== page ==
Bexar County property owners will soon be able to pay their property taxes on a monthly basis rather than waiting until the end of the year in a move that should make things easier for people on fixed incomes.
Seniors and disabled property owners have been able to use a four-payment program, paying smaller payments to the tax office from January through July.
Bexar County Tax Assessor-Collector Albert Uresti said most property owners who pay their taxes directly to the county have had only two options to pay their taxes: Once a year or in half-payments.
Health and Human Services Secretary Kathleen Sebelius will be visiting the Alamo City this week, joining the City of San Antonio to provide more information about the Affordable Care Act.
Sebelius will speak Thursday evening when Trinity University and the Metropolitan Health District host a public event to offer information about the new health care act, much of which takes effect in the next year.
The city previously hosted Sebelius when it unveiled the Por Vida Health Campaign, an ongoing city-wide marketing campaign to get restaurants to offer healthy choices.
A report released this week by Nielsen titled Latina Powershift says that Latinas are an economic power and may define the next American generation.
The report says U.S. Hispanic women have recently and rapidly surfaced as prominent contributors to the educational, economic, and cultural wellbeing of not only their own ethnicity, but of American society and the consumer marketplace.
Payday lenders and their legislative allies managed to defeat a bill in the Texas Legislature this past session, and they have a whole host of tricks to get around laws in other states.
We talk with ProPublica writer Paul Kiel, who has written extensively on the subject in his Debt Inc. series, about the arsenal of financial products and loopholes that payday lenders exploit in order to get around laws in states all across the country.
Following a rough and rocky regular session and series of special sessions, Lt. Gov. David Dewhurst has announced he will seek another term.
Dewhurst has presided over the Texas Senate for over a decade, during the course of the first special session this summer, he faced criticism about his leadership and handling of the controversial abortion bill.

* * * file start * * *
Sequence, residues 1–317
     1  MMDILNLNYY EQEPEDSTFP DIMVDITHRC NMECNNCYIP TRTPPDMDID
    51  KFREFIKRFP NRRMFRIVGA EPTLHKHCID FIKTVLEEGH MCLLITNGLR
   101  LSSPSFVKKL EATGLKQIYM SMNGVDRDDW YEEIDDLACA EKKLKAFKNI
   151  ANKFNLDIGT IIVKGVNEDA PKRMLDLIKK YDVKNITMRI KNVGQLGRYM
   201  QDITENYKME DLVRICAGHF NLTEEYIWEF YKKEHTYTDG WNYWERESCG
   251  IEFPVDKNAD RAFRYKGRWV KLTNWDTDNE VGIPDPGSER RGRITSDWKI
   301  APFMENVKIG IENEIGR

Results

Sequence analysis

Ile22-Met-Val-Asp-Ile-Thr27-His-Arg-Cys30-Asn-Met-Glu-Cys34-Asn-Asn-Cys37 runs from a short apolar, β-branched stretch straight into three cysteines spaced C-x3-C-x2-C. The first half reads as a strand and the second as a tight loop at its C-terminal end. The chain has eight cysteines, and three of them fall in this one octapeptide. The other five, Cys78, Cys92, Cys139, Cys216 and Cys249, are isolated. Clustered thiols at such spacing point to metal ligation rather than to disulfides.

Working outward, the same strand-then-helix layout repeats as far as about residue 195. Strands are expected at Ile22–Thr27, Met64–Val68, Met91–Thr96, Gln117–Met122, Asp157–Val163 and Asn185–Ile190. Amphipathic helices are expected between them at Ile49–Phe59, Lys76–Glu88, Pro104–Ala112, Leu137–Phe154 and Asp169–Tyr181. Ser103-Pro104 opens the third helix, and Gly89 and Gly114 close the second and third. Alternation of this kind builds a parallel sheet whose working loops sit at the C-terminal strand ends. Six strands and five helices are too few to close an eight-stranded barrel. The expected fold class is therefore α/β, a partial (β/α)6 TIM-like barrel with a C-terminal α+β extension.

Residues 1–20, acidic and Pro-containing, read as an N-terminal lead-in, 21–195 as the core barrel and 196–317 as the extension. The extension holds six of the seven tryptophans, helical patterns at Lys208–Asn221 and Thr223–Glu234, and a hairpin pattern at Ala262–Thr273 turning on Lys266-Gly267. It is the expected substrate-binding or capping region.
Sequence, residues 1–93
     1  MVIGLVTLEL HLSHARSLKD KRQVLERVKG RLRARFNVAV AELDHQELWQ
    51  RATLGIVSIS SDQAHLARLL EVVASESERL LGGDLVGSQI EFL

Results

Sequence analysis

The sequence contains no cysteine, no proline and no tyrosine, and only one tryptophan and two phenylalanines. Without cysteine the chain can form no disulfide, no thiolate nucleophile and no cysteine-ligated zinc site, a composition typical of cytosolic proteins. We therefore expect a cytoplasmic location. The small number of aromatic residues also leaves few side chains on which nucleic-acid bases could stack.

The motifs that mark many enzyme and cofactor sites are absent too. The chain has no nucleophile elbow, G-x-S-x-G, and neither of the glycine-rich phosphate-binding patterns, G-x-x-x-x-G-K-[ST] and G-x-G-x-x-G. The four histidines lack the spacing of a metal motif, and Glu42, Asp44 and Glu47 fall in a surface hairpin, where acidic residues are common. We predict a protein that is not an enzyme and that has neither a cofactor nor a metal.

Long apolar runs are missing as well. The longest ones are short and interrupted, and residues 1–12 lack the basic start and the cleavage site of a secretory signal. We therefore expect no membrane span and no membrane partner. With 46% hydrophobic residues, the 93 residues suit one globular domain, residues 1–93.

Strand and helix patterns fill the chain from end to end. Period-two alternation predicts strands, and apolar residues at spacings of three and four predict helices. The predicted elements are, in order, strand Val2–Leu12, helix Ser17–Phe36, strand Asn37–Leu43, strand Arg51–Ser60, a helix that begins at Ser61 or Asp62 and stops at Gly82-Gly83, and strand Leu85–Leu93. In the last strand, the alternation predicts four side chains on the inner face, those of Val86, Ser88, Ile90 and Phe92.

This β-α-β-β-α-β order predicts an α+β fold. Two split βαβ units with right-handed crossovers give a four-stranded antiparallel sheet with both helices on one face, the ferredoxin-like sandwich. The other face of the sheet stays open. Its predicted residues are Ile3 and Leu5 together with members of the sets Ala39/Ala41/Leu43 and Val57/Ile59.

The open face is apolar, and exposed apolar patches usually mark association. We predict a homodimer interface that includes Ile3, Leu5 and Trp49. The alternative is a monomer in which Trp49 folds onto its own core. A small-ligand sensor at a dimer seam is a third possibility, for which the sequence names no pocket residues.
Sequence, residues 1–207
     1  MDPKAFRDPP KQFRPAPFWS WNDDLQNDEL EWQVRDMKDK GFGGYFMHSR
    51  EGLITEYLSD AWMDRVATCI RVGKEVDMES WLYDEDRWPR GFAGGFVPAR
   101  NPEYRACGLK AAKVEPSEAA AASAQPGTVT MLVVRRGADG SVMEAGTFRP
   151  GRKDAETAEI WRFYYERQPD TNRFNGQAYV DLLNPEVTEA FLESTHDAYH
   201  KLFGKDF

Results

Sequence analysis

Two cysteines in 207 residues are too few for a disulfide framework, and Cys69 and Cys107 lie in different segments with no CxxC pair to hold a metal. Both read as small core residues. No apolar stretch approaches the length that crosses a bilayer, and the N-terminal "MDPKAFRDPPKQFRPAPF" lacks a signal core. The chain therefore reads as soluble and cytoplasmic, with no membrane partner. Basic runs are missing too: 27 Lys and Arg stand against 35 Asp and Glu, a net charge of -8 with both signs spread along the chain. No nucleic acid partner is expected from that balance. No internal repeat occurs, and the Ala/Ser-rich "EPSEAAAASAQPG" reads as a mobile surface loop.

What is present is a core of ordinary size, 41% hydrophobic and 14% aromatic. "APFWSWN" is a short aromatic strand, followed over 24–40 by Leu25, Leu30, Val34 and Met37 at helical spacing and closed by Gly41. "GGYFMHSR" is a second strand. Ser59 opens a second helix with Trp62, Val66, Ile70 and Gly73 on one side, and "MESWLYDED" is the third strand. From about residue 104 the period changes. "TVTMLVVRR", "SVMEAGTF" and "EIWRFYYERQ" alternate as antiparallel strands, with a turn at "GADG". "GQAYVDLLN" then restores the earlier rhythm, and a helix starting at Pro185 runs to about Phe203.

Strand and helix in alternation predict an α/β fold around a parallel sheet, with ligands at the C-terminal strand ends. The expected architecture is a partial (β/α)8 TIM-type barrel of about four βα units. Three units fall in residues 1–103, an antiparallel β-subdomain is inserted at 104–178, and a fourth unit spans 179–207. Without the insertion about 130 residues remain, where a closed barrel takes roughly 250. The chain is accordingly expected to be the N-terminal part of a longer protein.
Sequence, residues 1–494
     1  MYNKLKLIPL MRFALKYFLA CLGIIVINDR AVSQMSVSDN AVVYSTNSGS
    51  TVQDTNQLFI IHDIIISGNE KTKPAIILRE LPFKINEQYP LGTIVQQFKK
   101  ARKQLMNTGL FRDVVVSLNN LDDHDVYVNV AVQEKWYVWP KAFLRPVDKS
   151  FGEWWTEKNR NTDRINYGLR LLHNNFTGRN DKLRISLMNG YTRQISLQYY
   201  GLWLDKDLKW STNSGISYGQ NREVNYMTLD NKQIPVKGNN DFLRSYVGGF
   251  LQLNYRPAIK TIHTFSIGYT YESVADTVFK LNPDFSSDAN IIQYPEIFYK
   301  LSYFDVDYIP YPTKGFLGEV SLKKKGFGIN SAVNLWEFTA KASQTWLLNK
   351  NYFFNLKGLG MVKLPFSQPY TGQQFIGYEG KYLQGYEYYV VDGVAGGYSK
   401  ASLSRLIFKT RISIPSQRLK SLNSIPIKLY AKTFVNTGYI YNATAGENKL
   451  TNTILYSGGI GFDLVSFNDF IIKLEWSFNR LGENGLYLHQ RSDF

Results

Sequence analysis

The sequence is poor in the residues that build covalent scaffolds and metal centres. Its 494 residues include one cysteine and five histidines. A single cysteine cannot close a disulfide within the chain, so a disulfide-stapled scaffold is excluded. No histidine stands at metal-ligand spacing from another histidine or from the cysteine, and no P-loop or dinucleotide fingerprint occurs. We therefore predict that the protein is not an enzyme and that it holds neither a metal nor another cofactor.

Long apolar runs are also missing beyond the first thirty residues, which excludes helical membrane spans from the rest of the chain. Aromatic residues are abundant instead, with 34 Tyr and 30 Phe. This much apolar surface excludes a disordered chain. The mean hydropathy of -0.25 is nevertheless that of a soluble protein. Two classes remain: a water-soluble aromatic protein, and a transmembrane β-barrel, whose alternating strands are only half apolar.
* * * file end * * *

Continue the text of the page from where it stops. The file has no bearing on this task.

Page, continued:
An open records analysis by the American Civil Liberties Union released a few weeks ago shows that multiple Texas police departments are using license plate readers to capture and store information on the traveling patterns of everyday drivers.
Automatic license-plate readers are cameras mounted on police patrol cars, road signs and bridges that scan car license plates and check to see if there are any violations on record. According to Tom Hargis with the ACLU of Texas, many police departments in the state are keeping that data beyond the initial scan for years at a time.
Ahead of the start of classes on Aug. 26, San Antonio City Council members are hosting community-wide back-to-school fairs in each of their districts.
At the same time, the city's budget is closing in on adoption and deep cuts will have to be made. Mayor Julián Castro is recommending a cut to member discretionary funds, which are known as City Council Project Funds and are used for community events like the back-to-school fairs.
It’s been more than two months since the flood, and the process of recovery in the Espada area is moving forward slowly. The San Antonio River Authority has offered residents a few options, but so far no action has been taken.
SARA is offering Espada residents three options: A direct buyout, an option to remain on the property and rebuild their homes to flood standards, or Bexar County will buy a flood easement where owners would retain their property for agricultural purposes but live elsewhere.